A small team from the church walks the streets on weekend nights, handing out fliers with scripture.


They give their own phone numbers and encourage those they meet to call anytime.


“God didn’t call us to just sit here and be saved,” Salazar explains. “He called us to go out and reach those like people reached us. The culture it is, is to reach the prostitutes, to reach the gang member, to reach the drug addict, to reach the hurting people of the inner cities.”


“I might need therapy. But I don’t need help.”


Oakland has one of the biggest sex trafficking hubs in the country. According to the Alameda County District Attorney, police estimate 100 minors sell their bodies on the streets here every night.


Many start when they’re 12 to 14.  


Salazar says, from coming out here regularly, they know some of the girls. “We know by first name, when they see us walking up, they already know we're going to pray for them."



Credit Holly McDede
International Boulevard in Oakland


Salazar approaches a young woman who she recognizes. The woman didn’t want to give her name, but describes herself as an entrepreneur. She says she’s been working the streets for two years now, beginning at age nineteen.


“I was kind of manipulated into the situation, and once I did it, I realized how easy it was, and how fast it was,” the girl says. “I don’t do it for a pimp, I do it for myself.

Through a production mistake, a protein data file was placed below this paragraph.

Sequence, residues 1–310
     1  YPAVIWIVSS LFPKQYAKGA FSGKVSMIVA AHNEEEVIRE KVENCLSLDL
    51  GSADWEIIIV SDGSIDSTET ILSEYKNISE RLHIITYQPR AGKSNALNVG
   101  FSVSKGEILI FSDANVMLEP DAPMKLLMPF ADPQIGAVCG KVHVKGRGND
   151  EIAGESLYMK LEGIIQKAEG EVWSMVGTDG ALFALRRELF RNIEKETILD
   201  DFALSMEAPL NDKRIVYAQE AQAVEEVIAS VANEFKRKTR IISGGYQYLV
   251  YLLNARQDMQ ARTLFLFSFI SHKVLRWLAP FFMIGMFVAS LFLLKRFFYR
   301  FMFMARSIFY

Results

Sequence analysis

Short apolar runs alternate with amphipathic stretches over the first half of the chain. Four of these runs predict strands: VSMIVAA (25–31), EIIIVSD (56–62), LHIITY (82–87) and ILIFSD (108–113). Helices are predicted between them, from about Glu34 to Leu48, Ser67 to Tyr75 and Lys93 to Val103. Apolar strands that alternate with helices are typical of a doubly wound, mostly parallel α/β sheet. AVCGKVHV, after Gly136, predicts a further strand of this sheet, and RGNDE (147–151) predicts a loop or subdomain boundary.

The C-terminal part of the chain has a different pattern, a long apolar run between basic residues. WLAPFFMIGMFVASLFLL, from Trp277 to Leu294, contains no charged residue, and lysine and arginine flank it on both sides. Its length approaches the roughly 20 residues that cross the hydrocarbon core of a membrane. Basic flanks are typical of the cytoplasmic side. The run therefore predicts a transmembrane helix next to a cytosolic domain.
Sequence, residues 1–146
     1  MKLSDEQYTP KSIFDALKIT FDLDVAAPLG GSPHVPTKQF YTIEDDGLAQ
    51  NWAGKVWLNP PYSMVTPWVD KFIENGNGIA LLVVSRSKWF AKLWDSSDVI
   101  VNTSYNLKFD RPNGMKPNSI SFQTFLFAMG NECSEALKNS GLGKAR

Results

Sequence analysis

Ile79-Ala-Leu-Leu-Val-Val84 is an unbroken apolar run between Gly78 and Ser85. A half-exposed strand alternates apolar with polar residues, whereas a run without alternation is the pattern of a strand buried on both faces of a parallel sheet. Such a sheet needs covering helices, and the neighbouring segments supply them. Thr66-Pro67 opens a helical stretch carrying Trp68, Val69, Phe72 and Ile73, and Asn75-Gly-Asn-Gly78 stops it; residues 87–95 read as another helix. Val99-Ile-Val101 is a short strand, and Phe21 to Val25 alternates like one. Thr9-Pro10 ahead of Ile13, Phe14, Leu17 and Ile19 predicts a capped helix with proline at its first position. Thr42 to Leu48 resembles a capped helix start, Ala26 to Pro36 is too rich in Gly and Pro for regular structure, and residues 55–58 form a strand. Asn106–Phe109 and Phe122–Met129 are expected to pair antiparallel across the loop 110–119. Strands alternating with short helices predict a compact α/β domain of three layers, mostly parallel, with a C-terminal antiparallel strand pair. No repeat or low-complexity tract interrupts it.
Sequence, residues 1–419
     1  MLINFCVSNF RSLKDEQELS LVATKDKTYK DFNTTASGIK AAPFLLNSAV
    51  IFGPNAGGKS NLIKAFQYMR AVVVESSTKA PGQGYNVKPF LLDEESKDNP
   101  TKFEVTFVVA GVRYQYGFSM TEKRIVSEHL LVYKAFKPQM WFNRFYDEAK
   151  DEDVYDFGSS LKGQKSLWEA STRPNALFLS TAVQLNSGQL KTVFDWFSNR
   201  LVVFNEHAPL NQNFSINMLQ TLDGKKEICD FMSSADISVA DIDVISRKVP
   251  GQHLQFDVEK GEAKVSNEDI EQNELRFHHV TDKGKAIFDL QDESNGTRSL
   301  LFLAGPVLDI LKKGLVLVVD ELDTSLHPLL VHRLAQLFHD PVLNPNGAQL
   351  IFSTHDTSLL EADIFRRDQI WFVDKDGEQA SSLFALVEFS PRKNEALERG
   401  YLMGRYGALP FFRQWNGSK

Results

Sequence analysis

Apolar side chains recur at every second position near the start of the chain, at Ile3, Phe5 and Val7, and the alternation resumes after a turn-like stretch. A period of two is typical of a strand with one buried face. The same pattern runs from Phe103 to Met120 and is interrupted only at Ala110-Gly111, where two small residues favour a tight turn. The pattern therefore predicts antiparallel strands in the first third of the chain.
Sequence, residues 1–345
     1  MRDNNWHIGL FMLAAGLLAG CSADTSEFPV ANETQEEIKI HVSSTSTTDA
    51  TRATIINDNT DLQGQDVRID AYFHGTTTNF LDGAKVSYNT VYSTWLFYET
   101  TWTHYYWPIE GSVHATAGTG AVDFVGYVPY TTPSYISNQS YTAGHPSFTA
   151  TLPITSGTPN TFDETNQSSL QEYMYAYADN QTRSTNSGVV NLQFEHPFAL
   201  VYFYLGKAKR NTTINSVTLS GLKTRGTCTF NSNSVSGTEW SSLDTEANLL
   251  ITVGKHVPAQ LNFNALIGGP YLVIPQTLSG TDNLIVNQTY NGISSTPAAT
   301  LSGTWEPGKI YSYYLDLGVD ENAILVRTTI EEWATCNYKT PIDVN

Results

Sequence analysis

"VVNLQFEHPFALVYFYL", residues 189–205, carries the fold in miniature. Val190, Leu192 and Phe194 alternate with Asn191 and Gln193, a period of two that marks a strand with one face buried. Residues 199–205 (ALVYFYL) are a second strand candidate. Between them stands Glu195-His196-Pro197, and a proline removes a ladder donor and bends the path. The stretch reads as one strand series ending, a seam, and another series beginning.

She has bright, sparkly eye shadow and long eyelashes. She says that while she doesn’t need saving, the church group might find someone who does.


“You might find somebody who really needs help, because there's girls who are in worse situations than I am, who are forced and beaten in this, and you might save a life,” the girl says. As for her, she says: “I might need therapy, but I don’t need help.”

Praying on the streets


On the next block, Salazar approaches a tall, black girl in a short, red dress. Nearly 80 percent of the sexually exploited young people in Oakland are African American.


“I just want to came out here, sharing the love of Jesus,” Salazar tells the girl. “I know he has a plan for you and it’s not this.”


The girl keeps her eyes focused on the traffic in front of her. She’s working, and says she doesn’t want to pray here.


“Not out here,” she tells Salazar. “I pray before I come out, and I pray when I go back in.”


“You can pray anywhere,” Salazar tells her. “It don’t matter where you’re at. If you want to get out of here.”


After the girl walks away, Salazar says, “A lot of them are like that, they don’t want to pray. They’re embarrassed, ashamed, like: ‘How can I accept prayer when I’m out here selling my body?’”


Back in the car, Tamika Soto, who is doing outreach on International Boulevard with Salazar tonight, explains that she does not feel afraid when she canvases these streets at night.  “It’s prayer. God is with us, love drives out all fear,’ she says. “It's god's presence, we don't feel fear.”